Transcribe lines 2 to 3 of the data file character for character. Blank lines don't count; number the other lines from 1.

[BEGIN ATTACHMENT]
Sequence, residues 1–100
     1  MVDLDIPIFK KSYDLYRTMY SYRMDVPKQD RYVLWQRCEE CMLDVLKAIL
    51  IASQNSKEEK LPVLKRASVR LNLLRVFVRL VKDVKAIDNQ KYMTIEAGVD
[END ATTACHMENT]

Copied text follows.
     1  MVDLDIPIFK KSYDLYRTMY SYRMDVPKQD RYVLWQRCEE CMLDVLKAIL
    51  IASQNSKEEK LPVLKRASVR LNLLRVFVRL VKDVKAIDNQ KYMTIEAGVD